Wheeling into the Royals' Surprise Stadium parking lot, he turned his big white pickup truck, slammed into reverse and backed up smartly into a prestige slot adorned with a nameplate.
"I took Denny Matthews' spot," Francoeur said merrily. "I don't think he'll be needing it."
No, the Royals' broadcasting legend would be going straight to Peoria Stadium where, contributing to Francoeur's high spirits, the Royals would play their last game in Arizona. It's been a long camp and Francoeur and his teammates are itching to go.
"Once today is over, I'm fine," he said before Sunday's Arizona finale against the Mariners. "I don't count Tuesday and Wednesday as Spring Training because we're going to be out on the West Coast and you're in a big league stadium for a night game. So after today I'm going to be happy."
The Royals will pause on their way to Friday night's American League opener to finish some exhibition business against the Padres. They'll play at San Diego on Tuesday night and at Lake Elsinore, Calif., on Wednesday afternoon.
Francoeur, after a brilliant bounceback season in 2011, has had a quiet Spring Training. After two hits in Sunday's 6-4 loss, he had a .246 (17-for-69) average, seven doubles, one home run and 10 RBIs in 23 games. But he's content with his progress.
"Absolutely. I've never hit .400 in Spring Training nor will I ever," Francoeur said. "It's one of those things for me that the last week and a half or two weeks is all I care about. I like where I'm at, and I'm comfortable that I'm ready to go for next Friday."
Francoeur was the right side of the Royals' productive, iron-man outfield last season. It was a trio that also included left fielder Alex Gordon and center fielder Melky Cabrera and that rarely took a break until manager Ned Yost sat almost everyone in the season's last week.
"That's one thing you don't see much in a season -- three outfielders able to play 150 games and stay healthy. That doesn't happen much and we were very fortunate to stay healthy," Francoeur said. "We pushed each other and that helps -- when you're out there pushing each other to be better and work hard, it makes a big difference and for us it did."
This year the middle changes with Lorenzo Cain replacing Cabrera, traded to the San Francisco Giants.
Frenchy's well-known story runs from Atlanta Braves glory days as a homegrown phenom to some down years, and then trades to the New York Mets and the Texas Rangers. After ending his short Texas stay in the 2010 World Series, he signed as free agent with Kansas City.
"He had bad years, but when you have a couple of 'em and start bouncing from team to team ... you always know you can do it, but it just hasn't always been there," Yost said. "You just feel a lot better when you put together a year like he did. You're in the right place and there's a comfort level that goes with being in the right place that helps, too."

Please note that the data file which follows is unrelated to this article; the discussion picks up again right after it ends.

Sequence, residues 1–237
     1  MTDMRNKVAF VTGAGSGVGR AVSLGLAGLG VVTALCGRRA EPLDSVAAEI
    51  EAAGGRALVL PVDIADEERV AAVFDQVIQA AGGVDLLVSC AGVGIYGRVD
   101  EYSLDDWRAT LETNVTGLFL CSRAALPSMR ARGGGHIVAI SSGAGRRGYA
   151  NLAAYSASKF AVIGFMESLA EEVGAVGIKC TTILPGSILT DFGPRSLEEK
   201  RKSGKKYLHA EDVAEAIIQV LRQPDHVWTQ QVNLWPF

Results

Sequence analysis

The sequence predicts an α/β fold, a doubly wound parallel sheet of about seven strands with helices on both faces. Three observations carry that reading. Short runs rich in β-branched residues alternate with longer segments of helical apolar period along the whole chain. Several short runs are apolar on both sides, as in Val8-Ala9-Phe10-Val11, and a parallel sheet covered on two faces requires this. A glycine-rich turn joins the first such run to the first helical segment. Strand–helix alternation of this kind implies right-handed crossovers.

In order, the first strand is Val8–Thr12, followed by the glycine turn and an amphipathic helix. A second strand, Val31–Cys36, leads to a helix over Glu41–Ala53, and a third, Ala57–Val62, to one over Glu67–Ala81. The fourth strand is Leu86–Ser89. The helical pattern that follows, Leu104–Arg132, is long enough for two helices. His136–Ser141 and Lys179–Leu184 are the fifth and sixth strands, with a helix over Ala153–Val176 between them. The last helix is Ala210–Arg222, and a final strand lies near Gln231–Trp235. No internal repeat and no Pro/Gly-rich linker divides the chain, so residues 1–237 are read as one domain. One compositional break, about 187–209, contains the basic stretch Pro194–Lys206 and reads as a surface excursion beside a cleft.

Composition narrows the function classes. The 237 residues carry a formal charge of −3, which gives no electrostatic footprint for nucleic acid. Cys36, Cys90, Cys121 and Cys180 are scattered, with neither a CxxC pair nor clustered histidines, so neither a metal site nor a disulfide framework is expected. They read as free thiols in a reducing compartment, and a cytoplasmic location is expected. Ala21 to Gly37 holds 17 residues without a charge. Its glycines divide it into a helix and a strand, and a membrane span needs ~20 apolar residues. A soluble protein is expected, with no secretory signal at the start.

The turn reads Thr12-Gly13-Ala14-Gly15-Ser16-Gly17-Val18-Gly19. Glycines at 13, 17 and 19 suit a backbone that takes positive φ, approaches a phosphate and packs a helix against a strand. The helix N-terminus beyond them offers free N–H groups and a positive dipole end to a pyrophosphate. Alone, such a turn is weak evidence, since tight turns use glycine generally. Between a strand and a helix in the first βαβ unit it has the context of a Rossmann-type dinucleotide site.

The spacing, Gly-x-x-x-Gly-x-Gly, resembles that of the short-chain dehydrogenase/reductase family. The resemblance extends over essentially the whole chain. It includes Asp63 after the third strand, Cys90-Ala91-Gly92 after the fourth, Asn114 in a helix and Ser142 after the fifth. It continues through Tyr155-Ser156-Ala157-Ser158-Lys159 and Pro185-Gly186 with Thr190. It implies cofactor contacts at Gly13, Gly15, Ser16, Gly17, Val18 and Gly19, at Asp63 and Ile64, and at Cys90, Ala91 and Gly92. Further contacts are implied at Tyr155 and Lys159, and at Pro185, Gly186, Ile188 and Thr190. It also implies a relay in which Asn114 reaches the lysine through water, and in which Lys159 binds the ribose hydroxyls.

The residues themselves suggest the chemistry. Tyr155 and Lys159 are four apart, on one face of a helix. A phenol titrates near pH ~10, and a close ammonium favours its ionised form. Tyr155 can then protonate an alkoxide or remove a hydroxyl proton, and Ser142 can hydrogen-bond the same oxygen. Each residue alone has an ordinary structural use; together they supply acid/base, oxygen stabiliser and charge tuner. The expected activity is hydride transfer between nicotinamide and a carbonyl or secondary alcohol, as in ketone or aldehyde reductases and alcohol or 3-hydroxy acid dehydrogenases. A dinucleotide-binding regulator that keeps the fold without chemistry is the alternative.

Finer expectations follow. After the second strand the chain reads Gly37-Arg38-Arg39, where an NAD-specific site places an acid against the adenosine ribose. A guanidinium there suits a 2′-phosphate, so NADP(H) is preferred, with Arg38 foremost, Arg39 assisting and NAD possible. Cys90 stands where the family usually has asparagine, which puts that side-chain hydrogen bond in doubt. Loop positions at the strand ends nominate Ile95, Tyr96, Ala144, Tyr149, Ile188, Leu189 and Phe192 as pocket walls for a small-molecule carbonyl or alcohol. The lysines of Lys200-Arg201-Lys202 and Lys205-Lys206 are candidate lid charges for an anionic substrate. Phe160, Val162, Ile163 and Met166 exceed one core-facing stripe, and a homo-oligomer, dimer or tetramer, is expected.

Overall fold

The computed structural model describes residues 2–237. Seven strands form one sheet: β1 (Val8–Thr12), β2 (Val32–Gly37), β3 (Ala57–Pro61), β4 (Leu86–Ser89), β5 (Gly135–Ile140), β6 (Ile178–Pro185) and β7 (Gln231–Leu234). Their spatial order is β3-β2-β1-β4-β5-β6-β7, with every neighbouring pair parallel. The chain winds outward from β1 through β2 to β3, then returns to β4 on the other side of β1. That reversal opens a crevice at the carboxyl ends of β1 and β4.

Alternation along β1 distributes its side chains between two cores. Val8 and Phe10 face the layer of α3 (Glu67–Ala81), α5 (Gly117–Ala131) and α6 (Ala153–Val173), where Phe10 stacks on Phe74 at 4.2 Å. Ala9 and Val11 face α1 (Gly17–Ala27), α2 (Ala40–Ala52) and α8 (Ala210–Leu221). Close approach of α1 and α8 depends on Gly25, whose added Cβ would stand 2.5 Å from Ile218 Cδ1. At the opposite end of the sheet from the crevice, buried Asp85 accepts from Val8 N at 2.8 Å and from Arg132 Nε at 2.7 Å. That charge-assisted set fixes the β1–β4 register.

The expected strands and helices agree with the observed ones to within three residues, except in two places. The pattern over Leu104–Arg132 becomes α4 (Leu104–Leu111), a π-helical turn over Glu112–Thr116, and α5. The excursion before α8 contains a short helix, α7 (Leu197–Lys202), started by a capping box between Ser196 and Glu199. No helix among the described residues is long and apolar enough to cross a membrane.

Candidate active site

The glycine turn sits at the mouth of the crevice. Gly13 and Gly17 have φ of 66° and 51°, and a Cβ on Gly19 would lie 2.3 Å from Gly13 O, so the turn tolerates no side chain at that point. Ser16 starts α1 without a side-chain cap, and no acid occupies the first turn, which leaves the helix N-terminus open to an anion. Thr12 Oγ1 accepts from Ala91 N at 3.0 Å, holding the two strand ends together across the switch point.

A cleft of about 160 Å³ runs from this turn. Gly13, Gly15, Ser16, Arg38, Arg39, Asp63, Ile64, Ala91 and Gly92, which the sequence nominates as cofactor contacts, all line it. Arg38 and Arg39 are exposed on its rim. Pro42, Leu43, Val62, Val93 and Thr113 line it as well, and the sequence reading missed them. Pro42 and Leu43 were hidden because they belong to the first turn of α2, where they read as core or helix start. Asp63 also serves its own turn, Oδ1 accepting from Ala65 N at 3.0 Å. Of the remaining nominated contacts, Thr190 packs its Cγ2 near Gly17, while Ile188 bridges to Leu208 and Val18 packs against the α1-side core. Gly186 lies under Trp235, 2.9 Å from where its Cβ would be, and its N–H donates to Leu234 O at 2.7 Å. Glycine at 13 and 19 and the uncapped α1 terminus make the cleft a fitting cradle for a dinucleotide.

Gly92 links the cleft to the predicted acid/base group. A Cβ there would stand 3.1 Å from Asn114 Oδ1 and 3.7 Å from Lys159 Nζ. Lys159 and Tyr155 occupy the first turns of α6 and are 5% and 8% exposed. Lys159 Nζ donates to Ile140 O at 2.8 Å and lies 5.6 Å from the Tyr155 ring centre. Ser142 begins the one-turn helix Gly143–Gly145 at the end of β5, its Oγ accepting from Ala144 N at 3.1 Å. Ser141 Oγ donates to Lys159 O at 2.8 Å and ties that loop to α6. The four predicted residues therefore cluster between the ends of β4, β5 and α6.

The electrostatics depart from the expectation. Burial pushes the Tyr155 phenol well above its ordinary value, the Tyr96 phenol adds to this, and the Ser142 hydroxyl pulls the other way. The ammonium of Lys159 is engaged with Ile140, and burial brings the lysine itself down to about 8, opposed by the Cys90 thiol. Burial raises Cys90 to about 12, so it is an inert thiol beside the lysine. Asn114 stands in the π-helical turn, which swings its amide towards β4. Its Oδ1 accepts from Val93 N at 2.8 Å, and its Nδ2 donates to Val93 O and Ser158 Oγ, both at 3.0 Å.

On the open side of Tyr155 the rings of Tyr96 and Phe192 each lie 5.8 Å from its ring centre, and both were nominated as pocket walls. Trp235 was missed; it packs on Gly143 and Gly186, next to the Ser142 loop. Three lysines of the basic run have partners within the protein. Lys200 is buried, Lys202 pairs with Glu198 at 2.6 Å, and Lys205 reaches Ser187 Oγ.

Francoeur's professional rebirth came in the form of 20 home runs among 72 extra-base hits, a .285 average and, oh yes, a by-far career high of 22 stolen bases.
"The one thing I was so happy with last year was the consistency throughout the season for me at the plate and all that," Francoeur said. "And that's the only thing I want to do again this year, just be consistent. Yeah, it's great if you get hot or whatever, but just stay in an even keel. Make sure I'm producing every week and helping this team win ballgames."
Francoeur, 28, had a well-deserved reputation as a free swinger with scant regard to the merits of attacking the baseball within the strike zone or at least within range of a bat. He became more disciplined at the plate.
"Absolutely," he said. "Not that I'm going to get way more walks and do that stuff, but for me it was getting a good hitter's count and being able to attack fastballs. And Seitz [hitting coach Kevin Seitzer] had a good mentality for me for that and it definitely paid off."
Yost, who saw Francoeur playing against his son's high school team in Georgia, and then against his own Milwaukee Brewers for years, saw a definite change in the slugger.
"He started to learn how to use the whole field. He was a dead-straight pull hitter, swung at everything. He just developed a professional approach at the plate," Yost said.
From right field, Francoeur contributed 16 assists to the outfield's total of 51. He was second in the Majors only to Gordon's 20 in a Gold Glove season.
"He's got a gun, very short release, very accurate with his arm," Yost said.
Francoeur will be swinging from the No. 5 hole in the batting order.
"It protects us a little bit," Yost said. "I was thinking about putting Moose [Mike Moustakas] in the five and Frenchy in the sixth to give us a right-left-right. But there were too many situations last year where we ended up with a runner on second, they brought in a lefty to face Hoz [Eric Hosmer], walked Billy [Butler], faced Moose. So we're not going to do that this year, we're going to make it a little tougher for them to bring in their lefties."
Francoeur caught the wave of enthusiasm from Kansas City fans when attendance jumped up last September as the team finished with a winning month and an air of great anticipation for 2012.
"These fans are excited, the expectations are up which is a great thing but, with that, we understand that we've got to start winning ballgames. That's the No. 1 thing," Francoeur said. "If you want people in the stands, you win ballgames. So for us it's important to get off to a good start this year and I think we will."
Dick Kaegel is a reporter for MLB.com. This story was not subject to the approval of Major League Baseball or its clubs.